Algeria’s ailing President resigns after six weeks of pro-democracy protests
Indeed a humiliating way for infirm Bouteflika to leave office, he who nurtured hope to die President by pressuring for a constitutional reform to enable him to exceed two terms and by seeking a fifth term which was aborted on the back of popular protests.
The resignation was announced by state news agency APS hours after powerful Algerian army chief Gaid Salah demanded the immediate stepping down of Bouteflika, describing his inner circle as a gang that enriched themselves at the expense of the Algerian state and people.
“Our decision is clear and irrevocable. We will support the people until their demands are fully and completely satisfied,” Gaid Salah said in the statement written with a menacing tone.
Bouteflika ruled Algeria for twenty years. He is perceived as the man who restored peace after a decade of a bloody civil war opposing Islamists to the army. The civil war left 200,000 dead.
Since suffering a stroke in 2013, Bouteflika’s public appearances have become rare as he was confined to a wheelchair, leading many to question his ability to rule while some go as far as saying that his brother Said is pulling the strings of the Algerian state.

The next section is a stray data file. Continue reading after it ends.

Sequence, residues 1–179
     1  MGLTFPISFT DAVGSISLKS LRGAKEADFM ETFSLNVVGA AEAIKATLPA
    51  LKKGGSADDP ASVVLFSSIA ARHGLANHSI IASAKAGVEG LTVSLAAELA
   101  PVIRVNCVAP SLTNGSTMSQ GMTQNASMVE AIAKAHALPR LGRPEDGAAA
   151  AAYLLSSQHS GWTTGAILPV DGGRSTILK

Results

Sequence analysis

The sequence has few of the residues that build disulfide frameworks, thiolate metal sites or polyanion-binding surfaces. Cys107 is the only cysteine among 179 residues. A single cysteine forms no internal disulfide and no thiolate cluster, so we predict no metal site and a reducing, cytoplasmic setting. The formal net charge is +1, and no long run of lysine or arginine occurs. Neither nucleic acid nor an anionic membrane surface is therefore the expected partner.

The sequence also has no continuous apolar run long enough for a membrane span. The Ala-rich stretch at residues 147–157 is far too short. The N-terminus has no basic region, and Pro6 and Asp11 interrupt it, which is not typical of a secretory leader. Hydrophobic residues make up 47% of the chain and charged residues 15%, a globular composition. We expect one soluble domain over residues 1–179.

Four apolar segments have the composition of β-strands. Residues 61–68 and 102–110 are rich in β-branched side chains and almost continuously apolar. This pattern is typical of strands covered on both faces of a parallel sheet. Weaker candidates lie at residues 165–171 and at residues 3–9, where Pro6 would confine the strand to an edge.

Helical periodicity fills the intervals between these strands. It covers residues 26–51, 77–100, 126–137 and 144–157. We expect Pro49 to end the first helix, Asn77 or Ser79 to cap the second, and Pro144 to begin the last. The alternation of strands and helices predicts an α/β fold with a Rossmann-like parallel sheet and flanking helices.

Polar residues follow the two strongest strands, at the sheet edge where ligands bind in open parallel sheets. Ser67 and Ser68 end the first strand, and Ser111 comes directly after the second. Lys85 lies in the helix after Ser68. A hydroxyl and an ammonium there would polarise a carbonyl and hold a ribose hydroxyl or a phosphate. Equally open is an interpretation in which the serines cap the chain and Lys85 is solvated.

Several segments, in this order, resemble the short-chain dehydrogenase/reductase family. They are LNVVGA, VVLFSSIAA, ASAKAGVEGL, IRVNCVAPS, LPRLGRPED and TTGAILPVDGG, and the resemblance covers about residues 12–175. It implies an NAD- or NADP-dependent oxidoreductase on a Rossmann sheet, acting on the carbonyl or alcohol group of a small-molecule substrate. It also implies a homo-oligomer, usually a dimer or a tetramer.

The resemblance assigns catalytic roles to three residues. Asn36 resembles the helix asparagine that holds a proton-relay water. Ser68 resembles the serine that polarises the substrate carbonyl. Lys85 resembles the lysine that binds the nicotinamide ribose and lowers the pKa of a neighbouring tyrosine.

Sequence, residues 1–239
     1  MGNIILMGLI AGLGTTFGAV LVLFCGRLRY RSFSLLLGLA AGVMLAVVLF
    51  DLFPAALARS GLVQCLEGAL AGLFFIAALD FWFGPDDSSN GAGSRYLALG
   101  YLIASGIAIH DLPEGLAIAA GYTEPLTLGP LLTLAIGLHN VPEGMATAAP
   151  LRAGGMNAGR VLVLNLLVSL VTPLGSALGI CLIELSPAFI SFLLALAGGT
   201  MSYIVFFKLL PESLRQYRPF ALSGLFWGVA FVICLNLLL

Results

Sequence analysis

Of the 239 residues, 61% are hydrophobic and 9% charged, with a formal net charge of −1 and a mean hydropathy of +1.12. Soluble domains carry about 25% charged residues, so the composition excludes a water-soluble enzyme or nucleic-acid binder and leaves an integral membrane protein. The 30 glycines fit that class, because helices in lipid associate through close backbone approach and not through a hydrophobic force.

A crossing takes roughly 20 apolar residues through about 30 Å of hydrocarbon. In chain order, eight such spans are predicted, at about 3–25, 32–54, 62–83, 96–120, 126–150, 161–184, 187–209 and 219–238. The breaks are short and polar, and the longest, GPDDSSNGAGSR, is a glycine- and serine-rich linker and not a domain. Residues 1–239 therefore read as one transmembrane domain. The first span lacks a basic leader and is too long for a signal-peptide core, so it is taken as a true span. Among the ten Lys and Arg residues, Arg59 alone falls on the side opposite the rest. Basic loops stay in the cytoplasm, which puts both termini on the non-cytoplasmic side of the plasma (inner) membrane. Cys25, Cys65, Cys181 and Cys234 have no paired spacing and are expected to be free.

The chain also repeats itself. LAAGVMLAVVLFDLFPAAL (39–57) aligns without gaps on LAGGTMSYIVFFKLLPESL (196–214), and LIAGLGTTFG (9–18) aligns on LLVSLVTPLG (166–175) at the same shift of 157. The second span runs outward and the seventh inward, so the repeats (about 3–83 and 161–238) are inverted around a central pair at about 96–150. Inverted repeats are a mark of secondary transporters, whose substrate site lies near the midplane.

Since taking power, Bouteflika sought to gradually undermine the intervention of the army in Algerian politics but the sidelining of the army with the popular demand pulled the rug from under the feet of the supporters of Bouteflika.
The Algerian regime is made up of clans including senior ruling party FLN leaders, Army generals and business tycoons. Although they tend to disagree, they have all an interest in maintaining an opaque oil-rich regime perceived as corrupt and incapable of carrying out genuine reforms.
For now, the army reaffirms its status as the ultimate Kingmaker in Algeria.